oDR: Opinion

Ukraine is fighting for freedom. That means protecting independent journalism

Our Kyiv correspondent reflects on a year covering Russia’s war against Ukraine – and her own role in the fight

Kateryna Semchuk
15 December 2022, 11.17am

Weeks of Russian attacks on key infrastructure sites have left Ukrainians without power and heat


Reuters/Alamy Stock Photo. All rights reserved

When Oleksandra and Angelika contacted me, they were facing a dilemma. They wanted journalists to draw attention to the fate of their loved ones: Oleksandra’s husband and Angelika’s brother were both Ukrainian prisoners of war held by Russia.

But Ukrainian state officials were claiming that any public statements – or protests – could end up harming the secretive negotiations with Russia over prisoner exchanges. The women’s requests for information about their relatives had been met with stony silence. And journalists, taking the government’s lead for the most part, were reluctant to tell their story.

Having spent most of 2022 reporting on the consequences of Russia’s invasion, this was not a new problem for me. Earlier this year, when I spoke to Kostiantyn and Anna, two former prisoners from Russia’s infamous POW camp at Olenivka, I found out how they had set up a Telegram group to pool information about men and women seen in the camp. The reason: they were frustrated at the lack of official communication.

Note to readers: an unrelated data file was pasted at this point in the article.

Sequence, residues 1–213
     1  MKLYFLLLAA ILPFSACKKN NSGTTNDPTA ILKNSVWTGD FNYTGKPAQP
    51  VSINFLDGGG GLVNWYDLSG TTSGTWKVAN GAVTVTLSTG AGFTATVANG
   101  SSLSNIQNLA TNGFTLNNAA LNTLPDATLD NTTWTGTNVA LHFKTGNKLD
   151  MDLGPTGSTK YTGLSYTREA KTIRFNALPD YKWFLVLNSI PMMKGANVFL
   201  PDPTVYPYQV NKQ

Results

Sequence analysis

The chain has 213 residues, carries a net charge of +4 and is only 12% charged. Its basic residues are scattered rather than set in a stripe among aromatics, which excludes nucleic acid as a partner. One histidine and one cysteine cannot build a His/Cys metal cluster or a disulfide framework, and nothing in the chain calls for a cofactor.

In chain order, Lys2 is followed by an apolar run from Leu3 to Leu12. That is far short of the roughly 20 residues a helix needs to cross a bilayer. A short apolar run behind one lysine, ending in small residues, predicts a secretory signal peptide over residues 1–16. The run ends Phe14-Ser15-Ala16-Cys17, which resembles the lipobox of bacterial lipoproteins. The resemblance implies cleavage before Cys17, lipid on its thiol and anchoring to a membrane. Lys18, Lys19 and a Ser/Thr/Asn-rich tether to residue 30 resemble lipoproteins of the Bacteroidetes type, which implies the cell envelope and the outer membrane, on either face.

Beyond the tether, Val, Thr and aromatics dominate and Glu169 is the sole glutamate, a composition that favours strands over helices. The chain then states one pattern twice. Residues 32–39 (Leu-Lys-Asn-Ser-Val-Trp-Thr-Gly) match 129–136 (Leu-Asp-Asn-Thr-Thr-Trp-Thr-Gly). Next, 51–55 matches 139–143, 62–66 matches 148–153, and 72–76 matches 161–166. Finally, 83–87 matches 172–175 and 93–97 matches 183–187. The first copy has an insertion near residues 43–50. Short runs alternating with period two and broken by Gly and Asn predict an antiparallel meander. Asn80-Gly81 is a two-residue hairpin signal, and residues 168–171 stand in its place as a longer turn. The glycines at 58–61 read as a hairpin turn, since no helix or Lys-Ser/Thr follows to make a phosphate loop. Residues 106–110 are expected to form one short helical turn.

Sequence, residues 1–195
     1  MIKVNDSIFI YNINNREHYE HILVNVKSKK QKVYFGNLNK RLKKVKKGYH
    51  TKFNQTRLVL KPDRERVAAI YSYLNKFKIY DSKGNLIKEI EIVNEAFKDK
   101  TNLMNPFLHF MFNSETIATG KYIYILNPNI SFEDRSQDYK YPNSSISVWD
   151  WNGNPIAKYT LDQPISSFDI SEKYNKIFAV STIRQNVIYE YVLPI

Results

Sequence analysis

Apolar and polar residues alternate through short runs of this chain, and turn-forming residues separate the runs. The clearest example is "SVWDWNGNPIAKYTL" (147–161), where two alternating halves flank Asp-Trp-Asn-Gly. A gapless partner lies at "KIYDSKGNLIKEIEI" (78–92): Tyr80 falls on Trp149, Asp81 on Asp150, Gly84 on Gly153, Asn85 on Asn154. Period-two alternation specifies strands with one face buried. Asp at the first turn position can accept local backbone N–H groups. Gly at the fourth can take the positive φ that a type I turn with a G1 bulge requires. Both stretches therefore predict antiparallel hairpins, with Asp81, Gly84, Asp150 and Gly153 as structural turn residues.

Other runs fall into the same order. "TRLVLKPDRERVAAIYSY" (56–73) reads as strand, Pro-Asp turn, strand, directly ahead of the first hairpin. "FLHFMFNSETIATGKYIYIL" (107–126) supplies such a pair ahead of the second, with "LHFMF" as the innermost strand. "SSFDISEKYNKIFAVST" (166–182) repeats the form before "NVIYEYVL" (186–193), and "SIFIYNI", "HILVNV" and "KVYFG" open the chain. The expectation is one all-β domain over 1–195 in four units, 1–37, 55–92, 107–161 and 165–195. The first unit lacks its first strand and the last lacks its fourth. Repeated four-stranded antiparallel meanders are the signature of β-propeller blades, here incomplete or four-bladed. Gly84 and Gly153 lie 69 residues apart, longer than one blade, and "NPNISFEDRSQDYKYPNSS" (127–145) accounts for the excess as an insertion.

As we spoke, I saw that Kostiantyn and Anna were dealing with the same dilemma as Oleksandra and Angelika: whether or not to go along with the state’s call to trust it, obey it and wait patiently, rather than trying to influence the prisoner exchange process from outside.

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This, for me, shows why it’s so important to keep independent journalism alive during wartime.

In both cases, my sources felt the need for outside help to make their relationship with the state more equal. In order to seek justice, they needed to bring public scrutiny to bear on officials.

At the beginning of the invasion, Ukrainian society made a choice. It chose country-wide unity against the Russian military onslaught, delegating all power to the authorities – and its full support for the armed forces. Criticising officials, many said, could harm Ukraine’s very struggle to survive. In doing so, they were giving up – if only temporarily – a hard-won tradition of holding power to account.


Zaporizhzhia in southeastern Ukraine has been hit hard by constant Russian attacks - and residents are struggling to make ends meet


Image: Kateryna Semchuk

Ten months on, Ukrainians have come to understand that scrutinising people in power (and even individual military personnel) is necessary in order to win – alongside the vital task of documenting the horror of Russia’s war crimes against Ukrainians.

Today, there is a strong desire for a society where everyone in Ukraine – politicians, military, volunteers, journalists – is publicly accountable if they misuse their power.

Indeed, none of the problems that we saw in Ukraine before February 2022 have disappeared. Nor has Ukrainians’ desire to live in a country where the state protects them and ensures a basic standard of living. These are things I saw first-hand at my previous job, as a co-editor at Political Critique, an activist media outlet that sought to focus on Ukrainians’ everyday problems.